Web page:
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The Arctic connection - geodynamic, geologic and oceanographic development of the Arctic (co-organized)
Convener: Grace E. Shephard  | Co-Conveners: Sergei Lebedev , Kai Berglar , Matt O'Regan , Alexey Shulgin 
 / Mon, 24 Apr, 15:30–17:00
 / Attendance Mon, 24 Apr, 17:30–19:00

Our understanding of the geologic evolution of the Arctic Ocean and surrounding landmasses remains fragmentary. Over the past decade, a wealth of new data have been acquired and combined with legacy data collections to generate new ideas and models concerning the tectonic and oceanographic development of the Arctic. Such models are increasingly transcending Paleozoic to present-day timescales, sedimentary to through to deepest mantle domains, as well as onshore to offshore environments.

The Arctic is a region of diverse and multi-phase plate tectonic motions – both vertical and horizontal. Its present configuration is largely considered the result of a dominantly extensional regime, with a protracted period of North Atlantic rifting and far-field plate stresses having also affected the region. Several compressional events, such as the Eurekan, Ellesmerian, Caledonian, Timanian orogenies, as well as neighbouring subduction and terrane accretion from the Pacific, have also influenced the Arctic. Widespread rift and mantle plume-related magmatism have occurred and offer key constraints on the timing of tectonic events, and the interaction of surface and mantle processes – but relationships have not yet been fully exploited and synthesized. Furthermore, the nature and age of key bathymetric features, and the timing for the opening and closing of oceanographic gateways, remains uncertain.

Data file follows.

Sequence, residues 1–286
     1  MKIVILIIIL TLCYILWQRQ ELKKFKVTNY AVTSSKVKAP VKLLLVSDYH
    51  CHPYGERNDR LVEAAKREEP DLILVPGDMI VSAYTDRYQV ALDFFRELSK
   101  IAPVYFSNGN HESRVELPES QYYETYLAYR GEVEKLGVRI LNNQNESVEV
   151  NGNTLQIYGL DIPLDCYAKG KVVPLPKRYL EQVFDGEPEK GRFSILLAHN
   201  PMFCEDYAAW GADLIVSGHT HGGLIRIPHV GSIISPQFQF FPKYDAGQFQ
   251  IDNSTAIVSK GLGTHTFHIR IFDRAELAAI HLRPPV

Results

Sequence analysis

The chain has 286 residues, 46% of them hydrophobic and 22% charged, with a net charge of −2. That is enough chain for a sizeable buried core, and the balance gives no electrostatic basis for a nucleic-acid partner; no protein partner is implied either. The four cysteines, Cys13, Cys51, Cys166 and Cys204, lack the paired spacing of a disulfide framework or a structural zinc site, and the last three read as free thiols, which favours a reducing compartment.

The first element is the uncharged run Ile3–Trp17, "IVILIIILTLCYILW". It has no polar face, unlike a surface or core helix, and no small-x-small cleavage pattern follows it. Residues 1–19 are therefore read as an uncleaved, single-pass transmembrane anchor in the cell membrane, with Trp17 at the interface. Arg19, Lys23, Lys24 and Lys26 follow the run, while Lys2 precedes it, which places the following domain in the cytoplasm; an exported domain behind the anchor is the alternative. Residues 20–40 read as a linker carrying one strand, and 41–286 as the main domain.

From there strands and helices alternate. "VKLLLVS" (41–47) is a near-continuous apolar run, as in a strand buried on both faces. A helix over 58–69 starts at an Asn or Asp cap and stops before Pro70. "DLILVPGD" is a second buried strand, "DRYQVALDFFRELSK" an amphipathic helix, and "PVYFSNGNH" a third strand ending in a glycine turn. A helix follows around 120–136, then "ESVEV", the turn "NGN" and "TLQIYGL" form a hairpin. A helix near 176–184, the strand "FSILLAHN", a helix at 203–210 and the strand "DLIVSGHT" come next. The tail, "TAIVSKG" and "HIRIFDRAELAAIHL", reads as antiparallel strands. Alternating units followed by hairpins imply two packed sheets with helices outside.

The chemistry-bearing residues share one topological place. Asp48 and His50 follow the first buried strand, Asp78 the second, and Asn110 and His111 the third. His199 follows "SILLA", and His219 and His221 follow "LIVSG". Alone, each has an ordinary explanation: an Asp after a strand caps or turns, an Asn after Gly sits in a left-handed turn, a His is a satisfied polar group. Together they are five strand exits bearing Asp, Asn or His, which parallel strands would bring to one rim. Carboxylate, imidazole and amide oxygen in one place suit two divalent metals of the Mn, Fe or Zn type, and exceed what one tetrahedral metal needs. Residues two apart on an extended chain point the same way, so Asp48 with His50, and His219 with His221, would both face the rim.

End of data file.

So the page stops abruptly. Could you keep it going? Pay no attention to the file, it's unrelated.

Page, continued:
The next generation of circum-Arctic geodynamic models must incorporate constraints from various sub-disciplines. These geologic and tectonic models are required to understand the oceanographic development of the Arctic and how it interacted with the rest of the world’s oceans. We envisage a highly interdisciplinary session with a focus on:
(1) Constraints on the age, structure, and geography of the Arctic, including the fossil, sedimentary, crustal, lithospheric and mantle records.
(2) Integrative tectonic models and geodynamic processes and,
(3) Insights on how the tectonic development of the Arctic affected oceanographic processes and exchanges with the other oceans.